Sheep Serum Concentrations

Sheep were tested with three different samples, sample CSK15083 with no folic acid present, CSK15084 which is folic acid itself and CSK15085, which represents an example of the invention zinc folate mixture as prepared in Example 1, (see Figures 1-4).

The animals were separated into groups and housed in a barn with access to a pasture. The dosing regime was as follows. The daily folic acid dose was mixed with ground corn to create a test article fed at the rate of 0.5 pounds per sheep per day. The sheep were fed the test feeds for fourteen (14) days. The folic acid equivalent fed to each head per day was thirty (30) milligrams.

The results of the study are shown in Figures 1-4. They all indicate that whether one looks at the mean or the median, serum folic acid concentrations increased the greatest when the sheep were dosed with CSK15085, the product of the invention (Figures 1-4). Serum folic acid concentration of sheep feed either CSK15084 or CSK15085 increased while serum folic acid concentrations of sheep feed CSK15083 did not change after being fed the test articles. Serum blood level enhancement of folic acid is an indication that milk production will be substantially increased, as indicated in the earlier referenced articles. Moreover, the zinc folate mixture performed better than folic acid alone.

Sheep fed the calcium and magnesium salts of Examples 9-12 showed no increase in blood serum levels of folic acid when compared to controls of folic acid alone.

Example 21 (Calf Study)

Example 21 is a cattle study. In the drawing Figure 5, CSK 16083 represents folic acid alone; CSK16084 is a copper-folic acid mixture 1 : 1 (Example 3) and CSK 16085 is a copper-folic acid mixture 1 : 10 on cellulose (Example 16).

The cattle calves were fed 120 mg of the folic acid source per day for 14 days along with feed at the rate of 21bs/head. Comparison with no folic acid control group is shown in Figure 5. It can be seen that blood serum folic acid changed significantly for the positive with the formulation of Example 3 and Example 16.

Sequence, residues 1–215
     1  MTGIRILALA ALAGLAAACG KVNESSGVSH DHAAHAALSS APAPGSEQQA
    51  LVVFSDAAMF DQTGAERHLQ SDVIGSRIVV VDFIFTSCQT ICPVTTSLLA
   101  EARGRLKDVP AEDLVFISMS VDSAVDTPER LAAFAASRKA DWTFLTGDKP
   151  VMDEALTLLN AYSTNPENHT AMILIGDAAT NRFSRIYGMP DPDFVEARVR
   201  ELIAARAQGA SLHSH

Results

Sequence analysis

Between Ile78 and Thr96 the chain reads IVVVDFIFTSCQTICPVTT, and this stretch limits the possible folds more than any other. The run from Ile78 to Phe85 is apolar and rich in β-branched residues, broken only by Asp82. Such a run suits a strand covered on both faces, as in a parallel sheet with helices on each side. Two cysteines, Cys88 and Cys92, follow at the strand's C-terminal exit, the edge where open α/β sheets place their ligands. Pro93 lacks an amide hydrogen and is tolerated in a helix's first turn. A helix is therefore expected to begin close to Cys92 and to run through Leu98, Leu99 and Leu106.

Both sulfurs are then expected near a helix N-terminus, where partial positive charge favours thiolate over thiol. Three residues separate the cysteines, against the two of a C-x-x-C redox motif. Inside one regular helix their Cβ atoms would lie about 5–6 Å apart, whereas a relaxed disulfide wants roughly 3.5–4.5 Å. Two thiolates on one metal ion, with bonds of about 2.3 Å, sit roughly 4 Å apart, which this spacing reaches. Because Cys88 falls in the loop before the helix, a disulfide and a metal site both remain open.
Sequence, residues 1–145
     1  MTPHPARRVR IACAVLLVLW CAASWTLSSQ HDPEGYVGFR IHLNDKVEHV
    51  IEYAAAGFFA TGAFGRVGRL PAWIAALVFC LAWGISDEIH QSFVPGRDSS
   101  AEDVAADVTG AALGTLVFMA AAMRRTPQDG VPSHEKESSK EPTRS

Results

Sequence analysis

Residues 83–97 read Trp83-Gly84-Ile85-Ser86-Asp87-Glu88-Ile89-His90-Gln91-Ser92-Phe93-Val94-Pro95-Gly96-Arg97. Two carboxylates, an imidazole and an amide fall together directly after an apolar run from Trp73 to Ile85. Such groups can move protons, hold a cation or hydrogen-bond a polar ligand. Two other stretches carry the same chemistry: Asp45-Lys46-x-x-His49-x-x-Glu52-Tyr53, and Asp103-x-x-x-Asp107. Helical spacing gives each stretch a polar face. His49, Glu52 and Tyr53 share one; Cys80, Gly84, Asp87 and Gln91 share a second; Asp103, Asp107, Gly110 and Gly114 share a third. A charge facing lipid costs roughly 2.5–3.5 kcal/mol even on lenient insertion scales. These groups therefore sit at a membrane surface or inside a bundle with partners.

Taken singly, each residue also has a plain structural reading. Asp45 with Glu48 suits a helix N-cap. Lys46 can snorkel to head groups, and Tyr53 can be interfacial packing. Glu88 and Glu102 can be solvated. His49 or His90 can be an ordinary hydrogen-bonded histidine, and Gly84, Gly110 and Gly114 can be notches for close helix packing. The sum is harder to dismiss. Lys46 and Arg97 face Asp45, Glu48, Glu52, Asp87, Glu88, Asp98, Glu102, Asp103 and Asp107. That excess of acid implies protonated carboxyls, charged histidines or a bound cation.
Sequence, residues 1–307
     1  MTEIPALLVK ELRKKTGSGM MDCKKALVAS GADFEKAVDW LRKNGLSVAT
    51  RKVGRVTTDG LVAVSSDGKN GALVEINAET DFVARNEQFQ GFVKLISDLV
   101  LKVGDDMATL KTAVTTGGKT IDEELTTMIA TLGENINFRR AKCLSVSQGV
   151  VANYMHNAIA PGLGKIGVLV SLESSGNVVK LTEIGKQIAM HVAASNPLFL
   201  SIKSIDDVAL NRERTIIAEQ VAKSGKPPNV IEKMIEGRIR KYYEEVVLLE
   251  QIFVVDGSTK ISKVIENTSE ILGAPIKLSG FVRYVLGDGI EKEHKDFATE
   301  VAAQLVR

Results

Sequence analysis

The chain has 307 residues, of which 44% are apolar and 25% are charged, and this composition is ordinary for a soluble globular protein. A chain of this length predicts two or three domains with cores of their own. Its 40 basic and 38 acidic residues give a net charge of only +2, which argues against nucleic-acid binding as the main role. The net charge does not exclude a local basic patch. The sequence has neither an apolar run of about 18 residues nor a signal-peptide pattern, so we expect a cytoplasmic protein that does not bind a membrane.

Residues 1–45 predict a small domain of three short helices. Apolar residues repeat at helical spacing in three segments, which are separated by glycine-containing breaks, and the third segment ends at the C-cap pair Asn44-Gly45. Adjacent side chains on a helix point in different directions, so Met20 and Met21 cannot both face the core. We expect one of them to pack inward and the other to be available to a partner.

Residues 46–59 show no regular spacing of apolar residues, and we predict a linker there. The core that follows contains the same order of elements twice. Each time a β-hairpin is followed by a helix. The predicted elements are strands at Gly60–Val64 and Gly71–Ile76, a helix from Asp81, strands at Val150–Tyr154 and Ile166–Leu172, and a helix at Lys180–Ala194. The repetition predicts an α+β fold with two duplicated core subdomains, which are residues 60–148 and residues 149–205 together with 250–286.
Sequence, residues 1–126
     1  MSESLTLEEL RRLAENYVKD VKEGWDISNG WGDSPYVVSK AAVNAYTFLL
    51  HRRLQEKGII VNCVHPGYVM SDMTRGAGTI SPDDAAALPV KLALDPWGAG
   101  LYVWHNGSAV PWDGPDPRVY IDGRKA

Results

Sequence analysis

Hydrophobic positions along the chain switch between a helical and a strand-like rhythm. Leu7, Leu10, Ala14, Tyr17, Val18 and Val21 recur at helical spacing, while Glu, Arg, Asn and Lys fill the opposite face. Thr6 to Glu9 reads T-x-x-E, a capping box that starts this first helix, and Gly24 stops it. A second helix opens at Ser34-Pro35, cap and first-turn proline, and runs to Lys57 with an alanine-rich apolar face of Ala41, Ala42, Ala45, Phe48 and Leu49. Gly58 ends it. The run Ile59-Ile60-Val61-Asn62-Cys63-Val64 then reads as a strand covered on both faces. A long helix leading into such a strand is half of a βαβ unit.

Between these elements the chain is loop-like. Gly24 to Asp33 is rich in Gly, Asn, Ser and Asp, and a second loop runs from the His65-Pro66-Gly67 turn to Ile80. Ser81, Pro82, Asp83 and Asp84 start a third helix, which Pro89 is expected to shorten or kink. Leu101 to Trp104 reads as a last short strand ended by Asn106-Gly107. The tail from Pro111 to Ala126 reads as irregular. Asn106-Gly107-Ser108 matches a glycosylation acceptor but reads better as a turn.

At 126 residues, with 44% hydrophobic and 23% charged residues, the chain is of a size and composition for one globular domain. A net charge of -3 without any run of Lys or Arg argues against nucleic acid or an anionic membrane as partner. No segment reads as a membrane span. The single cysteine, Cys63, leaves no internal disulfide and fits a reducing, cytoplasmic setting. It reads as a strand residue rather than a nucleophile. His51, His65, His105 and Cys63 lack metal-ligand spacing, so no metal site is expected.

Example 22 (Sheep)

Example 22 is a sheep study using the protocol of Example 20 but with the Mn and iron mixtures of Example 5 and 7, respectively. In Figure 6, CSK16086 is folic acid alone; CSK16087 is the 1 : 1 mixture of iron and folic acid (Example 7) and CSK16088 is the mixture of manganese and folic acid, [Example 5] . As can be seen in Figure 7 the blood serum folic acid concentration for the mixtures of example 5 and 7 change significantly for the positive. In this test the ewes were fed the concentrate metal folate mixture dried without any carrier but mixed on ground corn for feeding.

Example 23

In this example the zinc folic acid mixture was mixed with silica gel until free flowing and then blended with ground corn cob for the trial.

Zinc Folic Acid mixture 20: 1 dried on the silica, as prepared in Example 15. The data is shown in Figure 7.

Example 24

Zinc Folate Mixture

Sodium Hydroxide (0.96g, 0.024 mols) was added to 1 lOOmL of dl H 2 0. To this basic solution was added Folic Acid (5.40g, 0.012 mols) which turned a bright orange. The suspension became a solution over the course of 20 minutes of continuous stirring. Zinc Chloride (16.68g, 0.12 mols) was added to the bright orange solution which was easily stirred. The fine suspension was easily sprayed onto dry animal feed (ground com).

Example 25

Manganese Folate Mixture

Sodium Hydroxide (0.98g, 0.024mols) was added to 1 120mL of dl H2O. To this basic solution was added Folic Acid (5.30g, 0.012mols) which turned a bright orange. The suspension became a solution over the course of 20 minutes of continuous stirring.

Manganese chloride tetrahydrate (23.1 lg, 0.18mols) was added to the bright orange solution which was easily stirred. The fine suspension was easily sprayed onto dry animal feed (ground corn).

Example 26

Zn Folic Acid mixture 10: 1 was prepared as described in Example 24, and Mn Folic Acid mixture (15 : 1) as described in Example 25. The liquid mixtures were then sprayed directly on ground corn. The serum results (sheep) are shown in Figure 8, and demonstrate effectiveness can be achieved without a carrier, if one wishes.